Wednesday, September 3, 2008

Tribune TV stations downplay affiliation with CW network

Some websites, including that of KTLA-TV Channel 5, are being redesigned to drop the CW brand and instead focus on local identity.

By Meg James, Los Angeles Times Staff Writer

The CW television network launched its new fall prime-time season with some of its highest ratings Monday night, but not before its TV station partner, Tribune Co., took steps to downplay its association with the youth-oriented network.

Chicago-based Tribune, which also owns the Los Angeles Times, has begun redesigning some of its websites, including that of KTLA-TV Channel 5 in Los Angeles, by dropping the CW network brand and instead focusing on its local identity.

The moves underscore the uneasy alliance between Tribune, which is under pressure to boost revenue amid a slowdown in advertising, and the CW, which failed last season to attract a large audience.

The CW's pursuit of young viewers clashes with Tribune's focus on its newscasts, which generate most of its TV stations' revenue and appeal to older viewers.

Tribune switched affiliation from CW to Fox Broadcasting Co. at its San Diego station this year, leaving 13 of 23 Tribune stations still airing CW programs.

Tribune said the station re-branding, first reported by Hollywood publication Variety, was not a slight to the CW. KTLA and many of the Tribune station websites prominently promoted "90210," which launched Tuesday, and "Gossip Girl," which delivered strong ratings Monday in key demographic groups.

The CW, a joint venture between Time Warner Inc. and CBS Corp., began its third season Monday with encouraging ratings. It is betting big on "90210," a remake of the 1990s Fox hit "Beverly Hills 90210."

"We want the prime-time programming rolling out this week, and in the coming weeks, to be successful. We need it to be successful," Tribune spokesman Gary Weitman said.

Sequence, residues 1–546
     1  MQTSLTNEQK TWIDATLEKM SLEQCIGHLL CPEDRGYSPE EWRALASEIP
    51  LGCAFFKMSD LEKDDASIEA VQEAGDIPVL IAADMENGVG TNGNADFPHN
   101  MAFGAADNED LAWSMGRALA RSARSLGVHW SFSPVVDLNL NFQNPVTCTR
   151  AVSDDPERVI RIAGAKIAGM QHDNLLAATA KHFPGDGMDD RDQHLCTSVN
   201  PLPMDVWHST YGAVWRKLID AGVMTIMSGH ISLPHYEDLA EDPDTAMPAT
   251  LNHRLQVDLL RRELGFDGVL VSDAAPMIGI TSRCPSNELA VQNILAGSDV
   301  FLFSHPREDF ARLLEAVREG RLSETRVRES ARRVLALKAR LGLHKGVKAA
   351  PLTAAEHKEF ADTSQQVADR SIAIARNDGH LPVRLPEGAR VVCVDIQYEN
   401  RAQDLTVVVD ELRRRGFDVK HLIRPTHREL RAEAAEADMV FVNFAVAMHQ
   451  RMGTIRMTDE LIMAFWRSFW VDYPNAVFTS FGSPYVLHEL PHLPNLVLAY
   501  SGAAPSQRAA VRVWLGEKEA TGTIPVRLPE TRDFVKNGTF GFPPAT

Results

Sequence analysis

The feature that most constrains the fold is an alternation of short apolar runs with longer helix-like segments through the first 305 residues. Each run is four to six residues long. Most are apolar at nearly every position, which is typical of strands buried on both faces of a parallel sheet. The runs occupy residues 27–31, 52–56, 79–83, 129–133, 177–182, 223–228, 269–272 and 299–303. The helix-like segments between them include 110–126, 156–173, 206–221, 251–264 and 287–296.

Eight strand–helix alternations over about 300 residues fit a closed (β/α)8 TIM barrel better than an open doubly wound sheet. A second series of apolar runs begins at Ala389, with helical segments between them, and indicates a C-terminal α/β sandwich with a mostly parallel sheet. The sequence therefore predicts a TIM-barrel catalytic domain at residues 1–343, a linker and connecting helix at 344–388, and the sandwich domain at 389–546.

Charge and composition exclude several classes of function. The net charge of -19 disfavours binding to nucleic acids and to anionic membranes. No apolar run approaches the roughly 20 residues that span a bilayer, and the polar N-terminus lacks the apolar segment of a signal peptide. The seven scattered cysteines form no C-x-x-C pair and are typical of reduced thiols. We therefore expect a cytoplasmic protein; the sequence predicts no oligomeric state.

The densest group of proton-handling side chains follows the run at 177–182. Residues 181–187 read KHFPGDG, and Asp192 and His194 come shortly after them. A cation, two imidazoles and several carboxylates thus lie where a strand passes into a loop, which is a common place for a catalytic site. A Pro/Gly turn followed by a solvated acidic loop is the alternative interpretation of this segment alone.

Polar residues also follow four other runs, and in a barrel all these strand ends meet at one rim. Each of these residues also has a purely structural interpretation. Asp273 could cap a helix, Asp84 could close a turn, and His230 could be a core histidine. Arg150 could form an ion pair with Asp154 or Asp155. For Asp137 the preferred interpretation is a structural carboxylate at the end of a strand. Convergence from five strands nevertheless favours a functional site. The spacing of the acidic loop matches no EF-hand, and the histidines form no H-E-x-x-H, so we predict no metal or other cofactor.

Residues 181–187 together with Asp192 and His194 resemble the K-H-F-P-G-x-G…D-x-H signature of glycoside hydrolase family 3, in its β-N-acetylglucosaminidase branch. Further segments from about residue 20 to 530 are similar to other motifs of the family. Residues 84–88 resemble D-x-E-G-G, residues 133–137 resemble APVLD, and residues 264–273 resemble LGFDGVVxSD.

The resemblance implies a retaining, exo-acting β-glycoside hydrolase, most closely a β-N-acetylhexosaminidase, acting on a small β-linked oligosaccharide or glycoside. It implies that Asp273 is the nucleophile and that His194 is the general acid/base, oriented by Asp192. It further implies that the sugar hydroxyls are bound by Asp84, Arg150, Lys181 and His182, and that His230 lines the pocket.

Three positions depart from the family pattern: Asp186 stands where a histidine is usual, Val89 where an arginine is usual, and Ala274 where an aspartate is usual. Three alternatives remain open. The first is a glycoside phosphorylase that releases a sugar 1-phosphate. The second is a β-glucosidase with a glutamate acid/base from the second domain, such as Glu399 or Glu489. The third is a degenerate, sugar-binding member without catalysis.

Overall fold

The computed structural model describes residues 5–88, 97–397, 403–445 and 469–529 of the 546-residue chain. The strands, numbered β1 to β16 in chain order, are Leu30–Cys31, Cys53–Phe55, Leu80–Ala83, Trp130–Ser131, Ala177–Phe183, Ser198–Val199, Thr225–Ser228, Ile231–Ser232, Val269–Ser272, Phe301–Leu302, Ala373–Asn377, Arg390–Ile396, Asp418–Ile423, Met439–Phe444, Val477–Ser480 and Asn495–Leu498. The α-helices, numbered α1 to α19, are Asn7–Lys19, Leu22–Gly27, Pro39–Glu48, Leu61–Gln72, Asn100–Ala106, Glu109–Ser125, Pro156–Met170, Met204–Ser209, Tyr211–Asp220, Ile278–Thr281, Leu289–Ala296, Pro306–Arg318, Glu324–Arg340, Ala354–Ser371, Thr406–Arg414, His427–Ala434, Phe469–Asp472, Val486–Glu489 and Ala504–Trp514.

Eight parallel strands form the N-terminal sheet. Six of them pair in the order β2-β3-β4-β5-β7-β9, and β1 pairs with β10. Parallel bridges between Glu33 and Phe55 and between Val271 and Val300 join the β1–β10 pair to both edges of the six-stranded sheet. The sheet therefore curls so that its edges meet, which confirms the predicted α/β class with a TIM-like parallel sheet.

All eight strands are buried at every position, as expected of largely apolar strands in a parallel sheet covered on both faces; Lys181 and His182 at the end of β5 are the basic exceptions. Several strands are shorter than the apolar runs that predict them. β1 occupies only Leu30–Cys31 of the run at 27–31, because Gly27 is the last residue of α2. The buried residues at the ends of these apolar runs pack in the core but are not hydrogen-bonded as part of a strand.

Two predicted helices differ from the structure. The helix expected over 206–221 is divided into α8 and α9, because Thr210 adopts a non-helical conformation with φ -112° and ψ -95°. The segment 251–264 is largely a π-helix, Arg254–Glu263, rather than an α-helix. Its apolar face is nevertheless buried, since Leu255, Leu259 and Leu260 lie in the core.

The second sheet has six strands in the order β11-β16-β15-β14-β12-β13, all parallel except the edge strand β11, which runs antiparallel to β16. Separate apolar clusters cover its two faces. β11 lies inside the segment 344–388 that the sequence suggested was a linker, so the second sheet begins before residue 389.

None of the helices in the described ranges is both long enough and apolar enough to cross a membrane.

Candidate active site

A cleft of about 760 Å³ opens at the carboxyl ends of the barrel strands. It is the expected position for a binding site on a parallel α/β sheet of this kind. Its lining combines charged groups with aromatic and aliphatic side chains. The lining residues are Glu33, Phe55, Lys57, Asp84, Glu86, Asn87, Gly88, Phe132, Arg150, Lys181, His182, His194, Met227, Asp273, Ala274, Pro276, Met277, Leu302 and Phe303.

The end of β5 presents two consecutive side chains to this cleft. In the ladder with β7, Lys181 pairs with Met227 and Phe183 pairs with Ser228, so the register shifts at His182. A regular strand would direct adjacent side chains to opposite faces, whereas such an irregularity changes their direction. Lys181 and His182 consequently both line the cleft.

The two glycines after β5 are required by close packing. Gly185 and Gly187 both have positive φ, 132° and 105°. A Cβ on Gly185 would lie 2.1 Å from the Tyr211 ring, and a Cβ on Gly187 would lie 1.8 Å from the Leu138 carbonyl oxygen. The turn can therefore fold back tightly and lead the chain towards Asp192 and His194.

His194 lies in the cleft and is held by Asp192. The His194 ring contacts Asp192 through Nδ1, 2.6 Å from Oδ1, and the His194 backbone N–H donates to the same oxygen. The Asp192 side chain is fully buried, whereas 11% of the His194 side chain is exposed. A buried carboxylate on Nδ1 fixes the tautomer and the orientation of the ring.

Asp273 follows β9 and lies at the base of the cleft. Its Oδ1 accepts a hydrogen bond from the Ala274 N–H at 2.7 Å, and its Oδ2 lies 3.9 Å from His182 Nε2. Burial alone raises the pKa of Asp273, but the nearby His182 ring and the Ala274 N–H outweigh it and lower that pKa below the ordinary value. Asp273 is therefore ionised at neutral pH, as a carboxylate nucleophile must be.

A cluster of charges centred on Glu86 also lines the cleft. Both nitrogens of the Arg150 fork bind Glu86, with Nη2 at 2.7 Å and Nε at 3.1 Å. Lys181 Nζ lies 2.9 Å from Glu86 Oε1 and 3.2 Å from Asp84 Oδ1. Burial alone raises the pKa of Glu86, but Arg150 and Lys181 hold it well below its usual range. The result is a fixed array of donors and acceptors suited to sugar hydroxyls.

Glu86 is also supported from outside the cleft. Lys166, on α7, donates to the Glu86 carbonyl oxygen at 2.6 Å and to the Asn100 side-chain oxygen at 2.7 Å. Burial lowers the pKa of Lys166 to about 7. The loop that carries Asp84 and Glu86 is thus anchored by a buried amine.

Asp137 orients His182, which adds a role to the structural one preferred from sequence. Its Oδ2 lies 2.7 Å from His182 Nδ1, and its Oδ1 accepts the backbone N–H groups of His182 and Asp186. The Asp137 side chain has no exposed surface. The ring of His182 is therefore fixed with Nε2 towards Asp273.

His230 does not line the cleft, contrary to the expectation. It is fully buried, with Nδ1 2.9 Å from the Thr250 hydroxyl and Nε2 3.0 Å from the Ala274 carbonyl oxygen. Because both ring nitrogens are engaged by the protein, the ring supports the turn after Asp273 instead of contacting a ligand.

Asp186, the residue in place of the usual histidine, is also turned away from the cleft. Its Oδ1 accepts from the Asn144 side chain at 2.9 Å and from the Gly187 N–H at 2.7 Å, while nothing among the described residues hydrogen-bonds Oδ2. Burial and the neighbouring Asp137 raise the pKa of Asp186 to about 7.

The CW declined to comment.



In a move to increase cash available to cover Tribune's huge interest and principal payments on the debt incurred in Sam Zell's purchase of the media giant, the Tribune Company announced today that Gannett has acquired an additional 10 percent stake in CareerBuilder from Tribune for $135 million. The CareerBuilder employment site is said to be worth $1.35 billion.

Tribune will use the cash to pay down some of the $13.4 billion debt related to the buyout led by real estate mogul Zell. The company recently sold off Newsday to Cablevision for $650 million; Wrigley Field, the Chicago Cubs, Tribune's interest in a local regional sports network, the LA Times building, and Chicago's Tribune Tower are also on the block.

The acquisition gives Gannett a 50.8 percent controlling interest in CareerBuilder, the U.S.’s largest online job site.

“This transaction offers us an excellent opportunity to monetize some of the value CareerBuilder has built over the years, while enabling us to maintain a significant stake in a great online property,” said Sam Zell, Tribune’s chairman and chief executive officer.

Tribune now owns 30.8 percent of CareerBuilder; The McClatchy Company (NYSE: MNI) continues to own 14.4 percent; and Microsoft Corp. (Nasdaq: MSFT) continues to own 4 percent.

TRIBUNE is America's largest employee-owned media company, operating businesses in publishing, interactive and broadcasting.

In publishing, Tribune's leading daily newspapers include the Los Angeles Times, Chicago Tribune, The Sun (Baltimore), South Florida Sun-Sentinel, Orlando Sentinel, Hartford Courant, Morning Call and Daily Press.

The company's broadcasting group operates 23 television stations, including KTLA and WPIX; WGN America on national cable; Chicago's WGN-AM; Wrigley Field and the Chicago Cubs baseball team.

Popular news and information Web sites complement Tribune's print and broadcast properties and extend the company's nationwide audience.

Sam Zell says "At Tribune we take what we do seriously and with a great deal of pride. We also value the creative spirit and are nurturing a corporate culture that doesn't take itself too seriously. "

In the nurturing spirit of Sam's lighthearted corporate structure, Tribune has laid off approximately 20% of their print employees, with more company wide cuts expected.

1 comment:

Anonymous said...

Please drop the hyphen from Sun-Sentinel. Sam Zell sold it.